By Caroline Schuermann '18
President Donald Trump’s first year in office was eventful and unique to say the least. From tax reform to tweeting, the unsuccessful “skinny repeal” to the travel ban. Trump’s first year of his term has been easily the most controversial in modern history. He is a widely unpopular personality, with approval ratings at historic lows for a president this early in his time in office, nearing the low forties and high thirties. However, the president maintains favor among his base: seventy-eight percent of whom support his progress say they would vote for him again.
Because Donald Trump is such a divisive figure, it is hard to predict how his presidency will influence this year’s 2018 midterm elections. To his base, Trump’s first year was a massive success highlighted by the attempt to introduce a travel ban, the successful passage of widespread tax cuts, the appointment of Supreme Court justice Neil Gorsuch, and the gains in the national economy, especially the stock market. Trump’s critics, however, have a different outlook about the previous year. The administration seems to be in constant chaos with special counsel Robert Mueller inditing and putting pressure on more and more of Trump’s staff and advisors, seemingly by the day.
While the economy does seem to be moving in the right direction, this factor may not be enough to rally voters behind the GOP this November. Notable economic improvements include: unemployment is down from 4.8% to 4.1%, the S&P 500 is up by more than twenty-three percent, and the federal debt is down slightly from 104.3% to 103.8%, all from the beginning of 2017 to the beginning of 2018. While President Trump may enjoy taking credit for these improvements, those earnings may not be totally to his credit. In addition, using the stock market may be an outdated assessment of the state of the American economy as less than fifty-five percent of Americans had investments in the stock market in 2015. What average Americans really want to see is wage growth and job opportunities. Wage growth has essentially stagnated, if not worsened, this year, going from 2.5% to 2.6%.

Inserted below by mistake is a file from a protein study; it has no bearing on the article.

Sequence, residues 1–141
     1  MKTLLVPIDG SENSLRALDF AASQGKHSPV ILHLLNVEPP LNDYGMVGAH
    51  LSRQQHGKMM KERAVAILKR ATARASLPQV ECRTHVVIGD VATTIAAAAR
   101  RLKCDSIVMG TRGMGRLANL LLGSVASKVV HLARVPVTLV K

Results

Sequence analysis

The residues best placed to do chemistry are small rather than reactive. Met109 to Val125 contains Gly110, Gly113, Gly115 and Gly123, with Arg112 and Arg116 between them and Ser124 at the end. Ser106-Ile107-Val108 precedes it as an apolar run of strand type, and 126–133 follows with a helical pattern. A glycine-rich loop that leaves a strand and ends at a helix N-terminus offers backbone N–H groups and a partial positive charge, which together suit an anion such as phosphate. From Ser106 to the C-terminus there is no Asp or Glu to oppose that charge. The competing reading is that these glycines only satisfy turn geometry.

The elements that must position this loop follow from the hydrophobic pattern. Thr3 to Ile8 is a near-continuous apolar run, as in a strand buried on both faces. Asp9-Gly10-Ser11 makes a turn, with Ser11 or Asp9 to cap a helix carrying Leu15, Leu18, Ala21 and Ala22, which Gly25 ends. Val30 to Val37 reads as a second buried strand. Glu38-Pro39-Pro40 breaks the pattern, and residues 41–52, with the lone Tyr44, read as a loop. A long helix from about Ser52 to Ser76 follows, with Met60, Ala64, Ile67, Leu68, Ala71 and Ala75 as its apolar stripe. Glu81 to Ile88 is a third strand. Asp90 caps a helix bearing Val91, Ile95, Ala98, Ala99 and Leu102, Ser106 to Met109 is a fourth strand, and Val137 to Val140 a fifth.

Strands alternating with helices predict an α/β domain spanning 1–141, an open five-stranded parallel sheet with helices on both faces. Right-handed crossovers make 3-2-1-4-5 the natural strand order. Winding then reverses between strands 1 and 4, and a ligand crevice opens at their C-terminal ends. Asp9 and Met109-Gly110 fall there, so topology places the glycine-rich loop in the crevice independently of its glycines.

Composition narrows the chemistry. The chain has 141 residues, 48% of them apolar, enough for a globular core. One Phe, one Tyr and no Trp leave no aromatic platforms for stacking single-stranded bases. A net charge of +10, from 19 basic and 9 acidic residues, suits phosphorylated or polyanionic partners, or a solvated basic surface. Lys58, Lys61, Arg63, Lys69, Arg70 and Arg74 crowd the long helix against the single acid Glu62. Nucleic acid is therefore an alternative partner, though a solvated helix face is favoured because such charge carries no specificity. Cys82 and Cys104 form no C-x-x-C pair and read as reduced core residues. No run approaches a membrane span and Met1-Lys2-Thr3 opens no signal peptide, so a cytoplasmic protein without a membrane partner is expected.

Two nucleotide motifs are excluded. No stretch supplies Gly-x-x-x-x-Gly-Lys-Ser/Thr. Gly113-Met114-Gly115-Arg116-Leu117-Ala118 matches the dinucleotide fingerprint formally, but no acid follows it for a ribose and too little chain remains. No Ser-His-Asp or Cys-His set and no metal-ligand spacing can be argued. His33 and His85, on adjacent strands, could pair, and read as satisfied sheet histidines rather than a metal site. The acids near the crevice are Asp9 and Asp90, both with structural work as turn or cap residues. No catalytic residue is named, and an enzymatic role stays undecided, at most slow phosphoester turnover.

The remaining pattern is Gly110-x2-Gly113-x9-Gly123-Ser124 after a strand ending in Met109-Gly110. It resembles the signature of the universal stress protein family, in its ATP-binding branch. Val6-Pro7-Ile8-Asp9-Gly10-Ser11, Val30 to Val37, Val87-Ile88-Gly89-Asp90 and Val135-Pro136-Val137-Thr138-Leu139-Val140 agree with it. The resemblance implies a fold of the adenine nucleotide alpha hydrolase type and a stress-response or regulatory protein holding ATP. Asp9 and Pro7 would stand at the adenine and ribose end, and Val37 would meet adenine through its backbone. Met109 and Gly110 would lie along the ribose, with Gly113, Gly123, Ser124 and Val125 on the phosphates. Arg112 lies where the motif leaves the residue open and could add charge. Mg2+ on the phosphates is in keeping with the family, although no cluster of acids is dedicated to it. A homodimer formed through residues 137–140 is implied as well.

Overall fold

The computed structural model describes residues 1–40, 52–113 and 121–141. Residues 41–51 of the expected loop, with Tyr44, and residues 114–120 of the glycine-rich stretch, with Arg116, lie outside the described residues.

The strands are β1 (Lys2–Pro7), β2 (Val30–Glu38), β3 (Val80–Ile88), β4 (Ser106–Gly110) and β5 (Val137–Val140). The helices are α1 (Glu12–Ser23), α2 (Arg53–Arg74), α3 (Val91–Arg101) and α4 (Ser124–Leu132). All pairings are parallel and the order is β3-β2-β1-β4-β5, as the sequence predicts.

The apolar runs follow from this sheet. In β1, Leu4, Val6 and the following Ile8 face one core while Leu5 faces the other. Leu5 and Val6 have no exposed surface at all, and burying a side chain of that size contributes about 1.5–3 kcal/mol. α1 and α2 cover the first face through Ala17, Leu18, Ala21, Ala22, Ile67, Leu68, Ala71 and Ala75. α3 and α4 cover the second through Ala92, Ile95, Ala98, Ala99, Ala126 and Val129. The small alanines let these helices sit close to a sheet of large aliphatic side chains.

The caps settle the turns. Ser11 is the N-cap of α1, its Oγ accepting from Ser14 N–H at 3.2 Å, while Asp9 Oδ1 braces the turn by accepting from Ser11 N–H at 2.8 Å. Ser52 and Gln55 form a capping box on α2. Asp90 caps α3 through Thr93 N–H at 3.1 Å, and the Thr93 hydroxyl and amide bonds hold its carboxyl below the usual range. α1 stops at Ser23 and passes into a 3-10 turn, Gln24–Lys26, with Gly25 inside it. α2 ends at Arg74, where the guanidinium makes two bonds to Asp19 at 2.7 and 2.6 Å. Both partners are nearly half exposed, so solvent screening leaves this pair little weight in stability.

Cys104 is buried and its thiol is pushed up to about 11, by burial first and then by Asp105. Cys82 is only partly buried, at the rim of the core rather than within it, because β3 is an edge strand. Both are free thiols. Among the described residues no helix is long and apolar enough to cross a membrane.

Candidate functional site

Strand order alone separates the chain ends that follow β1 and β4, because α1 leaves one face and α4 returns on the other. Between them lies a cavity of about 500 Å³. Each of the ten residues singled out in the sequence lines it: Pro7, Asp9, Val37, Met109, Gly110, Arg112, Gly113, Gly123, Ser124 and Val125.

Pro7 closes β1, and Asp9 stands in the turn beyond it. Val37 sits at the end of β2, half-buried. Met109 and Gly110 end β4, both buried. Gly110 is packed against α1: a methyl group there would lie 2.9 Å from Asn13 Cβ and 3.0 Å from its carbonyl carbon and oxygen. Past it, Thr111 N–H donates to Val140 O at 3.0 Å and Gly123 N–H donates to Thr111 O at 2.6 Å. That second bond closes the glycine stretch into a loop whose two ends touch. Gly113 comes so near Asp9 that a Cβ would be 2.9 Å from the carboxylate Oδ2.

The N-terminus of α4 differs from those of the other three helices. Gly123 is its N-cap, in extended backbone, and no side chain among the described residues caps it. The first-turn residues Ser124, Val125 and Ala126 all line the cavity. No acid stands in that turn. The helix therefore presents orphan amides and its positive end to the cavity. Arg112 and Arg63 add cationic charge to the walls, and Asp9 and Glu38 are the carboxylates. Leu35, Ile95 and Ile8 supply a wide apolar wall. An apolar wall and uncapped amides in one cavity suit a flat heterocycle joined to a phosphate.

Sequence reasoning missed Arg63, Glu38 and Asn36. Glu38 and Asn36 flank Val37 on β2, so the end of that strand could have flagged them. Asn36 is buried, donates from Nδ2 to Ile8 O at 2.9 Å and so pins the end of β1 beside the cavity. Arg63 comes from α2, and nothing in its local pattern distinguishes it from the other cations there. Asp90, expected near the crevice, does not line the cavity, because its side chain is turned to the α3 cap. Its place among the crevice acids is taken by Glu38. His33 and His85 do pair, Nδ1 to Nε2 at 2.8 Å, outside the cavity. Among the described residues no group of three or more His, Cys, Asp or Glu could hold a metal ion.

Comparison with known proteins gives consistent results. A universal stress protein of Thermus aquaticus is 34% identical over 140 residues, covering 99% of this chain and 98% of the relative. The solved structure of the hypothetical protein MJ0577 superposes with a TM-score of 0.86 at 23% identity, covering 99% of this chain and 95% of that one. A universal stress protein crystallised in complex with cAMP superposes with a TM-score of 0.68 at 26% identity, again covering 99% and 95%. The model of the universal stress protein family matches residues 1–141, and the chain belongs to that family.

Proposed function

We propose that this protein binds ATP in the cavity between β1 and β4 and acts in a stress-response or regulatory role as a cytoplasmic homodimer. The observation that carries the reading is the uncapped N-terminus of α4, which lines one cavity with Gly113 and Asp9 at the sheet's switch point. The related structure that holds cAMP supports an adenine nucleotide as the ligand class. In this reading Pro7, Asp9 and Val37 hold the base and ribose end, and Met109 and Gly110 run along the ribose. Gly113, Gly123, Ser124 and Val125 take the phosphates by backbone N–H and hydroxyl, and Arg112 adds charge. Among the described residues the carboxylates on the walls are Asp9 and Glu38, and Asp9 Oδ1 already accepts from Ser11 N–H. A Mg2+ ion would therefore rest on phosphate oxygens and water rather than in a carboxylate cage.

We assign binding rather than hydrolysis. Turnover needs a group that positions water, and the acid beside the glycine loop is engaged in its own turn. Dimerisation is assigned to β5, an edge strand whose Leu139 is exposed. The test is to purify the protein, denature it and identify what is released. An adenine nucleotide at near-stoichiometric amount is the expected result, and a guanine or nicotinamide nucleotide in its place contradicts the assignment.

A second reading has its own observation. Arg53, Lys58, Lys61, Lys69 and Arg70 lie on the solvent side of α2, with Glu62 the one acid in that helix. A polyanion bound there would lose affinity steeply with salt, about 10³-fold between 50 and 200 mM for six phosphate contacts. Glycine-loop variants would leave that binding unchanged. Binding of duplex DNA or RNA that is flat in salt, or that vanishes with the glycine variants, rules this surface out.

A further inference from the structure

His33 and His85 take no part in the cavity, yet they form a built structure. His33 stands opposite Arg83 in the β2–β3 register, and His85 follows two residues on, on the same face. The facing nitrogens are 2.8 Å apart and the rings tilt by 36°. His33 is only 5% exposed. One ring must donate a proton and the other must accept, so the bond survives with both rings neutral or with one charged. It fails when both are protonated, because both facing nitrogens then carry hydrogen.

Such developments will not be enough for Republicans to keep control of every branch of government this year. A growing movement on the left in response to a Trump presidency is likely to continue this November. Democrats are gaining headway in states and positions that they have not possessed in decades. Elections this past fall, including Ralph Northam in Virginia and Doug Jones in Alabama, serve as examples. Donald Trump ran on a populist and anti-establishment platform. Some Trump supporters were even life-long Democrats who felt as though they have been abandoned both by the Democratic and Republican establishment. Many see established Republicans like Paul Ryan and Mitch McConnell as deterrents for Trumps agenda. If Democrats can mobilize around a platform that can distinctly address the issues of those who feel abandoned and disenfranchised, rather than the explicit anti-Trump approach the Clinton campaign took in 2016, it is likely that they will be able to take back half of Congress.
Regardless of the outcomes of the 2018 midterms, America will remain divided. Despite his low approval rating, the president's base is unlikely to ever waiver in their high levels of support. The discrepancy lies in whether or not they decide to support his party, as Trump himself changes positions on certain issues by the day or by the tweet. Growing hostility with North Korea, looming threat of a potential trade war as a result of the President’s proposal of high steel and aluminum tariffs, and a possible Mueller indictment on its way could all change the fate of the Congress after midterms. There are few notable achievements for a government entirely controlled by one party. One thing is for certain: if the House or Senate flip blue this fall, the Trump administration will have to compensate for even more gridlock and further divisions.